Archive for January 2012
In June of last year, during Oracle’s FYQ4 2011 earnings call, Larry Ellison claimed that Oracle expect more than 2,000 Exadata systems to be installed in fiscal year 2012. His exact quote follows. You can read the full transcript on SeekingAlpha at Oracle’s CEO Discusses Q4 2011 Results.
Today, more than 1,000 Exadatas are installed, and we plan on tripling that number this year.
He noted that more than 1,000 systems had been installed at that time. Tripling this number yields more than 3,000. This implies that there would be more than two thousand new systems installed in FY2012.
Last month, during Oracle’s FYQ2 2012 earnings call, Larry Ellison said:
This past Q2, Oracle sold over 200 Exadata and Exalogic engineered systems. In Q3, we plan to sell over 300 Exadata and Exalogic engineered systems. In Q4, we plan to sell over 400 Exadata and Exalogic engineered systems.
Again, the full transcript is available on SeekingAlpha at Oracle’s CEO Discusses Q2 2012 Results. There is no reference to Q1 sales, but Oracle projects that Q2 + Q3 + Q4 sales of both Exadata and Exalogic will be more than 900.
A couple of things stand out here. The first is that these latest projections from Oracle are for both Exadata and Exalogic systems combined, whereas the original projection was for Exadata systems only. The second is that these latest projections from Oracle are significantly down (more than 2,000 has been revised down to whatever business they did in Q1 + more than 900 in Q2, Q3, and Q4 combined). And this significant downward revision in projections has happened in the space of just 6 months.
If you read the Q&A segment from the Q2 earnings call, it is quite interesting. An analyst asks Oracle about the downward revision in projections. There are some semi-coherent responses from Ellison and Hurd, before Hurd claims that instead of 3x growth in engineered systems, they are on track for 2.5x growth. Hmmm, unless they had a monster Q1, that doesn’t quite add up either
The International DB2 User Group (IDUG) is a user-run organization. If you want independent information about DB2, IDUG is the place to go. This year, IDUG are have conferences in the US (Denver), Germany (Berlin), and Australia (Sydney). The good news is that the DB2night Show is holding a contest, and the prize is an all expenses-paid trip to the IDUG conference of your choice. The contest aims to identify new users who can speak about their experiences with DB2. It’s a talent contest of sorts, where the talent is sharing your experiences. If you have ever considered speaking at a conference, this contest is the ideal way to see how you might do in a fun setting.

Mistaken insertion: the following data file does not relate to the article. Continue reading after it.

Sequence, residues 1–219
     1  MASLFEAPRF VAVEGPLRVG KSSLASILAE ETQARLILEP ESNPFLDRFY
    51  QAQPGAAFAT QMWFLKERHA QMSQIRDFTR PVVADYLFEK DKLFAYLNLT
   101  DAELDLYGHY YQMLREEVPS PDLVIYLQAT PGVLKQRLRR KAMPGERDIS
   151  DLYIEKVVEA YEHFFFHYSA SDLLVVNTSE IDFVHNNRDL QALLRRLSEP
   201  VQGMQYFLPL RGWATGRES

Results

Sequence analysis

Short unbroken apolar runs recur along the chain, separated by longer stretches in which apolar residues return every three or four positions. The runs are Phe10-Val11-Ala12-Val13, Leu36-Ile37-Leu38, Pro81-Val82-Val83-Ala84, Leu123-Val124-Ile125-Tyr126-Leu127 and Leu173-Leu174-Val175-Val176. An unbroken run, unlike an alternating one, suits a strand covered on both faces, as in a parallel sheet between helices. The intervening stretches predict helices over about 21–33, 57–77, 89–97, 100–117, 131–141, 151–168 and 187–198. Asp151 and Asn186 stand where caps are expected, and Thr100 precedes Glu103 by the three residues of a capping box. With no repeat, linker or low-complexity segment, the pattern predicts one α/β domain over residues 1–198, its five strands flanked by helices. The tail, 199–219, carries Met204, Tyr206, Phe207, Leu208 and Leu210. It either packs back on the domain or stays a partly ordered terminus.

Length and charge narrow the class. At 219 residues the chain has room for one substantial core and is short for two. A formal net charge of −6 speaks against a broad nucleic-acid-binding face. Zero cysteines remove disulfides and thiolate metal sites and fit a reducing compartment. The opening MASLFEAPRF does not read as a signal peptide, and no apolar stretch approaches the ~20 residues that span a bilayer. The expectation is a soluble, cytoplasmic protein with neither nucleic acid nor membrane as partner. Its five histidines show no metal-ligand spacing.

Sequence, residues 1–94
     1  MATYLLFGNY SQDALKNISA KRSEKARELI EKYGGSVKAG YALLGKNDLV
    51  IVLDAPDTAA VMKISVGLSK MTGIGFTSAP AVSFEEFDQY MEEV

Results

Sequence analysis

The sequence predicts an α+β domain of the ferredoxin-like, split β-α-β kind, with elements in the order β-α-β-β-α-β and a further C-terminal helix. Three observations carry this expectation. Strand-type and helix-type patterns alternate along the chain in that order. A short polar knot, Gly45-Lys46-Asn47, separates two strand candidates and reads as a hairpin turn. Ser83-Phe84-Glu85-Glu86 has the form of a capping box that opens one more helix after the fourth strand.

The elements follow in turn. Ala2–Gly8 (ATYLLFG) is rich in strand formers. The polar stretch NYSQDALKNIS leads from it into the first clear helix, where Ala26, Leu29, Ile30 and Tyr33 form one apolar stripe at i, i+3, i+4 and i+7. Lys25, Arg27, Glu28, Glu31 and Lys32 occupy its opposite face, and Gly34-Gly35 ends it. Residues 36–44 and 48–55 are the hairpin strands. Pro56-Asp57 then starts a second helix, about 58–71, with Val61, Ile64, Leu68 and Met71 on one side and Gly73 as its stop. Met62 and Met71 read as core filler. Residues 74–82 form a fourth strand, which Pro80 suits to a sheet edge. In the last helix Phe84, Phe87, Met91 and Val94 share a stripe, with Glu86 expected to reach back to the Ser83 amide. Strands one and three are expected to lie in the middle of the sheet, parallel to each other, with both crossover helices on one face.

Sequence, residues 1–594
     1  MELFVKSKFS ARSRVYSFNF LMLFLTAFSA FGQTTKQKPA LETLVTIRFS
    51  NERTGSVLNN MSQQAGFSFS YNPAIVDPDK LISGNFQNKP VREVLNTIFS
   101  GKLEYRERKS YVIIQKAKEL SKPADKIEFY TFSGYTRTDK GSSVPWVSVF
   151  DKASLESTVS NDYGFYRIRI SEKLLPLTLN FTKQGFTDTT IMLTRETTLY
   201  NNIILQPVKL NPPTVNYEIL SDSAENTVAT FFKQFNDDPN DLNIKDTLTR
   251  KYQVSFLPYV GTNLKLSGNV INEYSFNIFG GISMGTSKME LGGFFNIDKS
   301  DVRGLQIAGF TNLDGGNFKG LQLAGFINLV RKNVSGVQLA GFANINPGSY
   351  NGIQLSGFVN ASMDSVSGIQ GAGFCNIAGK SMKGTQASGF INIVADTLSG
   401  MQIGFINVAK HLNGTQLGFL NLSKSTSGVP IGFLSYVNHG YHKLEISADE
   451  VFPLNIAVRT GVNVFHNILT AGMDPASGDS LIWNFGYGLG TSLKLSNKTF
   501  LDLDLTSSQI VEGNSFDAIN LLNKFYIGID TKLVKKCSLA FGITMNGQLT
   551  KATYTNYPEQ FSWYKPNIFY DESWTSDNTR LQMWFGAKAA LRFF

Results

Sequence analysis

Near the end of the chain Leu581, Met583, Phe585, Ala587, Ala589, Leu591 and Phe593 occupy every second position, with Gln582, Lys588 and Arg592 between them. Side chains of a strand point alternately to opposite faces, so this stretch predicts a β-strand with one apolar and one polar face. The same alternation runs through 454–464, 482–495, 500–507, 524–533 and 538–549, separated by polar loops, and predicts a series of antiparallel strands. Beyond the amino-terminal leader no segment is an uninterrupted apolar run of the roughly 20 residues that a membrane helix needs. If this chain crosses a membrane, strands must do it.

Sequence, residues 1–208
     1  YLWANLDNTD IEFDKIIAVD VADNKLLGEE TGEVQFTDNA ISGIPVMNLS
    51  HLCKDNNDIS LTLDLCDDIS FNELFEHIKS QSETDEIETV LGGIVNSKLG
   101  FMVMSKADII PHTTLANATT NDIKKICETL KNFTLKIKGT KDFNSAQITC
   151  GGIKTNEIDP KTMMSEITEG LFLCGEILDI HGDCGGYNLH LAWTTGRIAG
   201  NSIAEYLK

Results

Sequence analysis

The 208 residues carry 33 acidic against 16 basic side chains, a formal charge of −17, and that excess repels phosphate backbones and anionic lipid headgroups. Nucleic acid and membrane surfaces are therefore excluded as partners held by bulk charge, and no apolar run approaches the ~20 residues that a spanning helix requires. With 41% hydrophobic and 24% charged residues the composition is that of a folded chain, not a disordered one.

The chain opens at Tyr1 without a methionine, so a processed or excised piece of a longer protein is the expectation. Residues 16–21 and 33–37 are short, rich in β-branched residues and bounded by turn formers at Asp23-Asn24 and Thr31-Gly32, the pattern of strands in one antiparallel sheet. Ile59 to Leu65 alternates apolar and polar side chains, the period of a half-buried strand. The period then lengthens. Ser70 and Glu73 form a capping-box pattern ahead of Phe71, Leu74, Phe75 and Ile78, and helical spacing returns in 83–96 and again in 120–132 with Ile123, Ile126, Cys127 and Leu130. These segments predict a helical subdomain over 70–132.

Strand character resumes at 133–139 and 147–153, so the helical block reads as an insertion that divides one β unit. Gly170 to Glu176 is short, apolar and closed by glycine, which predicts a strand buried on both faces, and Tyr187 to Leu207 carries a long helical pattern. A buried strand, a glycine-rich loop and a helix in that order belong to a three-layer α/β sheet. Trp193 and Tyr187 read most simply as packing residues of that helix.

Yesterday, Oracle announced a new TPC-C benchmark result. They claim:
In this benchmark, the Sun Fire X4800 M2 server equipped with eight Intel® Xeon® E7-8870 processors and 4TB of Samsung’s Green DDR3 memory, is nearly 3x faster than the best published eight-processor result posted by an IBM p570 server equipped with eight Power 6 processors and running DB2. Moreover, Oracle Database 11g running on the Sun Fire X4800 M2 server is nearly 60 percent faster than the best DB2 result running on IBM’s x86 server.
Let’s have a closer look at this claim, starting with the first part: “nearly 3x faster than the best published eight-processor result posted by an IBM p570 server“. Interestingly, Oracle do not lead by comparing their new leading x86 result with IBM’s leading x86 result. Instead they choose to compare their new result to an IBM result from 2007, exploiting the fact that even though this IBM result was on a different platform, it uses the same number of processors. Of course, we all know that the advances in hardware, storage, networking, and software technology over half a decade are simply too great to form any basis for reasonable comparison. Thankfully, most people will see straight through this shallow attempt by Oracle to make themselves look better than they are. I cannot imagine any reasonable person claiming that Oracle’s x86 solutions offer 3x the performance of IBM’s Power Systems solutions, when comparing today’s technology. I’m sure most people will agree that this first comparison is simply meaningless.
Okay, now let’s look at the second claim: “nearly 60 percent faster than the best DB2 result running on IBM’s x86 server“. Oracle now compare their new leading x86 result with IBM’s leading x86 result. However, if you look at the benchmark details, you will see that IBM’s result uses half the number of CPU processors, CPU cores, and CPU threads. If you look at performance per core, the Oracle result achieves 60,046 tpmC per CPU core, while the IBM result achieves 75,367 tpmC per core. While Oracle claims to be 60% faster, if you take into account relevant system size and determine the performance per core, IBM is actually 25% faster than Oracle.
Finally, let’s not forget the price/performance metric from these benchmark results. This new Oracle result achieved US$.98/tpmC, whereas the leading IBM x86 result achieved US$.59/tpmC. That’s correct, when you determine the cost of processing each transaction for these two benchmark results IBM is 39% less expensive than Oracle. (BTW, I haven’t had a chance yet to determine if Oracle Used their Usual TPC Price/Performance Tactics for this benchmark result, as the result details are not yet available to me; but if they have, the IBM system will prove to be even less expensive again than the Oracle system.)
Benchmark results are as of January 17, 2012: Source: Transaction Processing Performance Council (TPC), http://www.tpc.org.
Oracle result: Oracle Sun Fire X4800 M2 server (8 chips/80 cores/160 threads) – 4,803,718 tpmC, US$.98/tpmC, available 06/26/12.
IBM results: IBM System p 570 server (8 chips/16 cores/32 threads) -1,616,162 tpmC, US$3.54 /tpmC, available 11/21/2007. IBM System x3850 X5 (4 chips/40 cores/80 threads) – 3,014,684 tpmC, US$.59/tpmC, available 09/22/11.